Why we teach: "A Worldview Sniper for Christ"

Posted by Julia Adams on 5/16/24 8:27 AM

Interview with Dr. Favelo

I can still remember the nervous excitement in my chest when I walked into my first history class during my freshman year with Dr. Doug Favelo. I selected a seat in the middle of the room—not in the front row, (that seemed too ambitious), but also not in the back where it might seem that I didn't care. I pulled out my notebook, wrote the date and the title of the first lecture, and settled back. When the clock showed 11:15 am, the class began. To this day, I can still hear him introduce himself, and the goal of the class, and then dedicate the class to the Lord, beginning his prayer with “Good morning, Lord.”

Personally, I have always enjoyed history, but Favelo’s energy, passion, and love for history enhanced it even more. He helped me and my peers to see the story of God’s providence and goodness throughout Western Civilization—as Favelo says, it is His story.

It is this passion for story that led Favelo to consider teaching in the first place. By his junior year of high school, he knew he wanted to teach but thought he would specialize in literature. While in college, two of his professors, Dr. Victor Davis Hanson and Dr. Bruce Thornton, encouraged Favelo in his pursuit of the classics. “They were utterly formative to me and how I see the world through story-sharing eyes,” Favelo recalled.

The Harm of Therapeutic History

While finishing his Ph.D. after 4 years at UCLA and 35 years in California, Favelo decided he wanted to teach in a Christian environment. Because he had not graduated yet, his advisors did not want to put a lot of effort into applying to every possible job, which is the typical way it is done. “In one of those ‘flukes that aren’t,’ I searched history jobs at Christian universities, found a job at PHC and another school, and the rest is history!” Favelo said.

Interview with Dr. FaveloLike many professors here, Favelo found his experience at PHC to be very different from previous universities. “At CSU Fresno and other schools, I never wanted to sell my soul or be a chameleon Christian, so I had to commit to never do so when push came to shove,” Favelo said. But in the meantime, he had to find a balance between his faith and working in a very secular environment. “I decided I was a worldview sniper for Jesus. My job was to push back on bad "-isms" and worldview, with gentleness and respect, and pray and hope that my students saw how bankrupt the world was.”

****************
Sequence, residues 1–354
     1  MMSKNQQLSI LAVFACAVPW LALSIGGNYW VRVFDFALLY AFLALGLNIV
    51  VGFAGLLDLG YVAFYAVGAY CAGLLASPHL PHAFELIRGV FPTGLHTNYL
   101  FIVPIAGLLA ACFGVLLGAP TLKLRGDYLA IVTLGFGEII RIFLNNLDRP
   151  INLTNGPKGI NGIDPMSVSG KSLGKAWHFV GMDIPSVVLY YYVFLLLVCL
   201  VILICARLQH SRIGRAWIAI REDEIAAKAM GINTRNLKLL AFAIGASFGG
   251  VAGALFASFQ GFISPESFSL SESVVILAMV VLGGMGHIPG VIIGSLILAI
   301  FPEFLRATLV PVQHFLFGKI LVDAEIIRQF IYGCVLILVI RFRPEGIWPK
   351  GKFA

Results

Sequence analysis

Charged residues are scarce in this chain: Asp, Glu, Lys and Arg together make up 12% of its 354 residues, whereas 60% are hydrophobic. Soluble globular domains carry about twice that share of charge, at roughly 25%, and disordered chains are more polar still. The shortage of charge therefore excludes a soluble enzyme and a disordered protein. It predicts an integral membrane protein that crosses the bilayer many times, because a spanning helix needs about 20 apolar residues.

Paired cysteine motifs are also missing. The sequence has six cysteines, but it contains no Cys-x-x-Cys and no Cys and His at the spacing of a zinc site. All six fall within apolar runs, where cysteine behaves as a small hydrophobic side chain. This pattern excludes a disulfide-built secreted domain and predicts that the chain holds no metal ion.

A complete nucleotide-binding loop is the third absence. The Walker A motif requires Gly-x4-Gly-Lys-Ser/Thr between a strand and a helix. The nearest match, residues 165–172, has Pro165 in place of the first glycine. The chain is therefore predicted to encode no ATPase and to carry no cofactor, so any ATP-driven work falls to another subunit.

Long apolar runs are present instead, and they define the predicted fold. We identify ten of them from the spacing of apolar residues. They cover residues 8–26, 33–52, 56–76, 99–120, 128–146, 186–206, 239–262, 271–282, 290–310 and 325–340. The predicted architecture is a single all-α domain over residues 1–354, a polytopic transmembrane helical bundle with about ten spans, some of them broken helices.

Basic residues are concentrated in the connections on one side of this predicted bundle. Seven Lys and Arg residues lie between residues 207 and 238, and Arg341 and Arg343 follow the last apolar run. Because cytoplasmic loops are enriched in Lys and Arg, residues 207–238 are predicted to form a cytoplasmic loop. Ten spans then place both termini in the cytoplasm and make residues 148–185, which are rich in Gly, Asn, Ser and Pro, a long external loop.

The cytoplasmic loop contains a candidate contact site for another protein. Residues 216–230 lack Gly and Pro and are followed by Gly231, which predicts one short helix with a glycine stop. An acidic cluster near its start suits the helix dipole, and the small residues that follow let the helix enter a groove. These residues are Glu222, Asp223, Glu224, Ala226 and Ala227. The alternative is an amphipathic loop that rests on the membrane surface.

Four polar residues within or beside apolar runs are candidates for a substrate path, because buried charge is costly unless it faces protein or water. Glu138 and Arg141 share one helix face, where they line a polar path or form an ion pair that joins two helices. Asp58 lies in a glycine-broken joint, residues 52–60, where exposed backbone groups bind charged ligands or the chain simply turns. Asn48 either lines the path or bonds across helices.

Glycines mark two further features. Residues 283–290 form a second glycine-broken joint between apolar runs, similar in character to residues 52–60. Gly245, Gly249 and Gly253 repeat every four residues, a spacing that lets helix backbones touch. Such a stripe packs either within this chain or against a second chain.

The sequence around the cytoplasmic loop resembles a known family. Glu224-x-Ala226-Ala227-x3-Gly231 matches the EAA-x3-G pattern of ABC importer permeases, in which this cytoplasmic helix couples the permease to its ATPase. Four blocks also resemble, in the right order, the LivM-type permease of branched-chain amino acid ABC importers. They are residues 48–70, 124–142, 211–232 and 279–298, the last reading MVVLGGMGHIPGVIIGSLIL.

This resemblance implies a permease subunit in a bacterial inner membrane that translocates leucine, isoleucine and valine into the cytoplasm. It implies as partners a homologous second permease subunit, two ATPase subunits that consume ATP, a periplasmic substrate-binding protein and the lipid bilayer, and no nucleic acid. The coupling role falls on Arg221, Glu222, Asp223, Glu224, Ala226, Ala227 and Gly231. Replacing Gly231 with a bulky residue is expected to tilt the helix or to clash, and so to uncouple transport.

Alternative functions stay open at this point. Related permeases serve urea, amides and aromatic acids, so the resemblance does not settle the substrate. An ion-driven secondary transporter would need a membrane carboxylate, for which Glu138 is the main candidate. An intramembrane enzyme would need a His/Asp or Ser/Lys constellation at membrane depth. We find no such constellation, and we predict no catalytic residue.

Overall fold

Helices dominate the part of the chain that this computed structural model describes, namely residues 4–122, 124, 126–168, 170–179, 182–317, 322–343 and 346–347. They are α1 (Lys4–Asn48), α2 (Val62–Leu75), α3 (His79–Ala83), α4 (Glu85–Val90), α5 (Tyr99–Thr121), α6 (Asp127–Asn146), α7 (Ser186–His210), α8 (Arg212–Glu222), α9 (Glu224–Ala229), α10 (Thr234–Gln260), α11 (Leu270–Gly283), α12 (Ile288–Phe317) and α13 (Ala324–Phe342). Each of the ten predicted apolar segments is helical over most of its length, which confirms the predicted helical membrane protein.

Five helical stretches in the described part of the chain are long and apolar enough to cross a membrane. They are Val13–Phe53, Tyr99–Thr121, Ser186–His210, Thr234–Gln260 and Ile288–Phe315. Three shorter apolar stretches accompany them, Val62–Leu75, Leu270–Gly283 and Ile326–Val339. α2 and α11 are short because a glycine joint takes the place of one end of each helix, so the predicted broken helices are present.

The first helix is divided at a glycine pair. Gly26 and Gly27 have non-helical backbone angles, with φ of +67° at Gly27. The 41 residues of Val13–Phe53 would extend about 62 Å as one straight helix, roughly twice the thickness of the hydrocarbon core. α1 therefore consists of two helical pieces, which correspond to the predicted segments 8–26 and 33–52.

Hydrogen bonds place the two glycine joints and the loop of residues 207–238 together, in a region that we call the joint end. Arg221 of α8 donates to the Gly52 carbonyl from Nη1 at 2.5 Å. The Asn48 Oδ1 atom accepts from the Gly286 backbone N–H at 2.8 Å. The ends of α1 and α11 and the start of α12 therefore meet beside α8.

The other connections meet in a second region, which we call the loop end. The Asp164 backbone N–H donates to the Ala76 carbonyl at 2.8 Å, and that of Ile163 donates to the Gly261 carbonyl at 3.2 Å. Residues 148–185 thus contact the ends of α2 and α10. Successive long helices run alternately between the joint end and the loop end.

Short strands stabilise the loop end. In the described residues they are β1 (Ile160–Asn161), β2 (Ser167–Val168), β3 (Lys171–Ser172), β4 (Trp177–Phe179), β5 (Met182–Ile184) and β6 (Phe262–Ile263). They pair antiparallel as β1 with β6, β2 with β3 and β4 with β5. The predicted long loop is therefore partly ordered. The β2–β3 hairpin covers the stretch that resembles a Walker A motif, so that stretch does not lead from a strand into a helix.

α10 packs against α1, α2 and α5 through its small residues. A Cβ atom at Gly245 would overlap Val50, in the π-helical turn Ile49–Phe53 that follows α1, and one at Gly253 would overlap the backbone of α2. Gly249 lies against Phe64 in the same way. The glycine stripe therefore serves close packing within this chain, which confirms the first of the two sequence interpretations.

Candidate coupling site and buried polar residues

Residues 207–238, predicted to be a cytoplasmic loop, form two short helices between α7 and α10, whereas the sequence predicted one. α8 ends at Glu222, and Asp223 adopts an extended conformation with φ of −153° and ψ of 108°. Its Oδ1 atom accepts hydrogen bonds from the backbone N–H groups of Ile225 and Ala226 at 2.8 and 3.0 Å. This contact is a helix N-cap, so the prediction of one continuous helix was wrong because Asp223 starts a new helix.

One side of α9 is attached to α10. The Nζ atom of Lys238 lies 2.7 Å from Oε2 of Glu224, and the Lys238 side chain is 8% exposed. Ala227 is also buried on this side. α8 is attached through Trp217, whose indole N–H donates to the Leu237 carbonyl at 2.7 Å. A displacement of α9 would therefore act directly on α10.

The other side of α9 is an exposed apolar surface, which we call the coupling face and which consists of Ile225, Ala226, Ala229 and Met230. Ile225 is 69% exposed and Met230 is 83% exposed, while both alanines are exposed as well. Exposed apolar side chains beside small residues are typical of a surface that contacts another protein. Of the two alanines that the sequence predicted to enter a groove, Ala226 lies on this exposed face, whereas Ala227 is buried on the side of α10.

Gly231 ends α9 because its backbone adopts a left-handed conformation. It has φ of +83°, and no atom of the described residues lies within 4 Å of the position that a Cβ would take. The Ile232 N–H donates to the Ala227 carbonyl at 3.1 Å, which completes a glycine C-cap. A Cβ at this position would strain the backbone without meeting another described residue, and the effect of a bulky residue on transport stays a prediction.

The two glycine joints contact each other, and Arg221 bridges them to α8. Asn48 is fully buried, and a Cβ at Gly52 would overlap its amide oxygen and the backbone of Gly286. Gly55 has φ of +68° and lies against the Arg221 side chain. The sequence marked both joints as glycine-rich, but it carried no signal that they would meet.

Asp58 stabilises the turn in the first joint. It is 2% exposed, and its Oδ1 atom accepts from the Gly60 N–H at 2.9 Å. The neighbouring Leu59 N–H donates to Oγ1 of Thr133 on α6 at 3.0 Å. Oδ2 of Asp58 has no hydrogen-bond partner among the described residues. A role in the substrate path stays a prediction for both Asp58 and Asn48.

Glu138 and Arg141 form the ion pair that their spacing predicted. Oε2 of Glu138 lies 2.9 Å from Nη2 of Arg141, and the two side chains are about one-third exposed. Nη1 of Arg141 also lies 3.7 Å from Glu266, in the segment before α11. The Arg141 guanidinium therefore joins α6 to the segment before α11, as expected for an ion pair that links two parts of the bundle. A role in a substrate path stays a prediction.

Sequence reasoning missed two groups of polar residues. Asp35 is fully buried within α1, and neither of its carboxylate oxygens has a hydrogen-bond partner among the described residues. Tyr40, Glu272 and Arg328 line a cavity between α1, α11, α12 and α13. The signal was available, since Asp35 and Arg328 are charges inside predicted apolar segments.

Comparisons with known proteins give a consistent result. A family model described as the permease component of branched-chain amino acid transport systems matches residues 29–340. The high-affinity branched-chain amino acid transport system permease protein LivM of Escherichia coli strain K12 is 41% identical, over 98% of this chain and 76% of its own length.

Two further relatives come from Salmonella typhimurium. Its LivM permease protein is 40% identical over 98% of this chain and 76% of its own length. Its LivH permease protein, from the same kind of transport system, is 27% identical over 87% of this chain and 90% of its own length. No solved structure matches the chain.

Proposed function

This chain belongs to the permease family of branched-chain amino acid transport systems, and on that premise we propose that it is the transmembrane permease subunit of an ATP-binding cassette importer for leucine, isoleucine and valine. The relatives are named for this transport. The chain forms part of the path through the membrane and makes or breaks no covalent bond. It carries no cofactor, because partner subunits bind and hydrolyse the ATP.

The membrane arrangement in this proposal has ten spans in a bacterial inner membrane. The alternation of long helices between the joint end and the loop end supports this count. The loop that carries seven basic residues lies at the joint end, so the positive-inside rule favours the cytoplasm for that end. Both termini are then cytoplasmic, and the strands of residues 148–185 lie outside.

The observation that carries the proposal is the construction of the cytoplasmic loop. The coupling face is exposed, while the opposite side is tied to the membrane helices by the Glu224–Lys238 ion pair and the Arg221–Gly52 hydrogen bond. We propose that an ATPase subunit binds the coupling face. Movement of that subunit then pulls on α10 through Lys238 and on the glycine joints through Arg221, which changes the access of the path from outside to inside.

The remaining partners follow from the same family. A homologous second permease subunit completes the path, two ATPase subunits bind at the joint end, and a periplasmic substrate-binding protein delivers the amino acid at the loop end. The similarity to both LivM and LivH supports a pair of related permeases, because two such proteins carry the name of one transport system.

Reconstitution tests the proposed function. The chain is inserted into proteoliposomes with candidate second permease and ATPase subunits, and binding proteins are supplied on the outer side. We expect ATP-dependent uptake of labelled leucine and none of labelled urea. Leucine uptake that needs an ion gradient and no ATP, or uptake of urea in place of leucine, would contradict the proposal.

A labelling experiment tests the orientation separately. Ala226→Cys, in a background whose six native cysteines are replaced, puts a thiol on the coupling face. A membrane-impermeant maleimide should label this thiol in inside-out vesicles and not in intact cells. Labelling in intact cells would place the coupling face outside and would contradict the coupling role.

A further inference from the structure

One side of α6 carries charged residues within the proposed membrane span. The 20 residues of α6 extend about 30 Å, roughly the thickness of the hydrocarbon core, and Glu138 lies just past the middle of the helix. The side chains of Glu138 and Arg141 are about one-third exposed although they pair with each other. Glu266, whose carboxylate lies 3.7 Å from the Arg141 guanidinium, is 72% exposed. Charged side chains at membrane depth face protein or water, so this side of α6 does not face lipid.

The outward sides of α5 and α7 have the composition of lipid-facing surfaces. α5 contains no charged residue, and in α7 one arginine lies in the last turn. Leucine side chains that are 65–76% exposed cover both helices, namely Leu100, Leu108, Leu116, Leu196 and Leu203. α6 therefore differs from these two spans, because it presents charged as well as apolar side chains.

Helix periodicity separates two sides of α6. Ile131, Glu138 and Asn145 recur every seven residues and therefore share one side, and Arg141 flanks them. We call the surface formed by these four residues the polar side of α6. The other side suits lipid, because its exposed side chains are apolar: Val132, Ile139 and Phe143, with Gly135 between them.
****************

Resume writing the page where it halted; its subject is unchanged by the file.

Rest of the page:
Dr. Doug Favelo Western Civ Classroom Teaching-5Once he entered the classroom, Favelo quickly learned that teaching is more than just making information accessible to the various learning modalities (auditory, kinesthetic, visual, etc.)—though those are also important. It is about reaching the students on a personal level. “I believe I am more effective when I seek to understand the heart and God’s unique ‘setup’ for each of my students,” Favelo said. This perspective is especially helpful when students ask questions. They may be clunky or not completely formed, but there is something more behind them. “So I learned to ask, ‘What do their heart and mind really want to know here, beyond the words?’”

One of Favelo’s favorite parts of being a professor is shaping the character of men and women for Christ for eternity. Like all of our professors, he takes that burden very seriously.

“Many years ago I was sitting before a prospective student’s dad at lunch,” Favelo recalled. “He had Lou Gehrig’s disease, and it was pretty clear that he probably wasn’t going to live all that much longer. He looked in my eyes and said, ‘I want to know that my son’s faith is going to be ok at the college where we send him.’ Of course, we were all crying at that.  While we are not perfect here at PHC, we kept that promise, and we still do every day.  My colleagues and I want nothing more than to see our ‘children’ walking in the truth.”

Classical Liberal Arts at PHC


 Patrick Henry College exists to glorify God by challenging the status quo in higher education, lifting high both faith and reason within a rigorous academic environment; thereby preserving for posterity the ideals behind the "noble experiment in ordered liberty" that is the foundation of America.


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